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March 15, 2014 | Posted in Child Safety Seats, Podcast Episodes

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Jennifer Huebner-Davidson

Three out of 4 child safety seats are not properly installed.  Jennifer Huebner-Davidson, Manager of Traffic Safety for AAA and an expert on child safety seats, discusses some of the common mistakes and what you can do to make sure your child’s seat is properly installed.

Why Child Safety Seats?

Car and truck seat belts are designed for adults.  For the best protection, the lap belt should be low and snug across the hips and the shoulder portion must be snug across the chest, away from the neck and face.  For many adults, this is not a problem.  However, for young children, adult seat belts never fit properly.  With an incorrect fit, a child is at serious risk.  A child safety seat or booster seat remedy this problem.

Child safety seats are now an accepted feature when a child is in a car.  Organizations across the globe call for their use. The U.N. Decade of Action for Road Safety includes child safety seats as an important element in reducing the number of global road fatalities. Parents everywhere are purchasing them and understand the need to have them in the car.

Common Mistakes

The issue now is that many child seats are not properly installed.  A few common mistakes include:

  • Using the lower anchors and the car’s seat belts in combination to secure the child safety seat.
  • Not using a tether when indicated by the manual.
  • Placing a child safety seat in the center of the back seat using the lower anchors from the two outside seats.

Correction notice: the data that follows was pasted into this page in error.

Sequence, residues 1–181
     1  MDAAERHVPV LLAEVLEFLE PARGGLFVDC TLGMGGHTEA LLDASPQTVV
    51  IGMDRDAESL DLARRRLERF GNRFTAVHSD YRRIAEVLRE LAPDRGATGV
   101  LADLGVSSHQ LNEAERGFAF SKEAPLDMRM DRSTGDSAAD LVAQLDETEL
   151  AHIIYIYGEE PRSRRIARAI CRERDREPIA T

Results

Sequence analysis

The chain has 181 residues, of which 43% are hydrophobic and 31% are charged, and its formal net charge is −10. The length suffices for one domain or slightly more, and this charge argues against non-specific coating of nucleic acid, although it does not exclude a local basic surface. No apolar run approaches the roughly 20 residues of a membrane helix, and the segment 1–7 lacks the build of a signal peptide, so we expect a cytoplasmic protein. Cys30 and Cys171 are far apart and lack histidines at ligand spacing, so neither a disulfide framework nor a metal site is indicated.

• Not considering the combined weight of the child and seat when using the anchor system.
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Be sure to have a Child Safety Seat Technician check your installation

Parents are obviously trying to install the seats properly, but mistakes are being made.  Some times it is an over abundance of caution creating an issue.  For example, using the lower anchors and the seat belt in combination to secure a child car seat would make you think that it is increasing the safety potential. However, there is no research that it is improves a child’s safety and there are concerns it could create problems. Seat belts and the lower anchor system are designed to work independently.

In this episode, Ms. Huebner-Davidson also provides guidance on the type of child car seat that should be used and when to change to a new car seat.  Ultimately, as she indicates, one should always first read the Child Safety Seat Instruction Manual and then the vehicle manual.

Proper Installation

Three tips for achieving a successful installation include:

  • Read the Child Safety Seat User Manual
  • Read your vehicle manual
  • Get the seat checked at a Car Seat Check Site

Getting an inspection at the car seat check site allows an expert to determine if the seat is properly installed. If it isn’t, the technician will show you what is incorrect and how to fix it so when you are on your own, you’ll have the knowledge and ability to install it correctly.  Click here to find the closest car seat check site to you.

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Remember that a booster seat is just as important.

Once your child is old enough and according to the user manual for the child safety seat, the next step is to move to a booster seat.  This will help the adult seat belt to properly fit your child.  Finally, when your child grows old enough to leave the booster seat behind, remember, they still need to wear a seat belt and ride in the back seat.

As your child grows, providing her or him as much protection as possible from injuries in a car crash requires three steps:

  1. Purchase the correct child safety seat
  2. Properly install it
  3. Use it

You have taken the time to purchase the seat and to install it – make sure to do that last step, and use it.  You never know about the driving skills of the person next to you, or if they may be texting while driving or driving impaired.  Remember, once you have installed the seat, it should be used Every Ride, Every Time.  Using these three steps can help ensure your child has the life he or she was meant to have.

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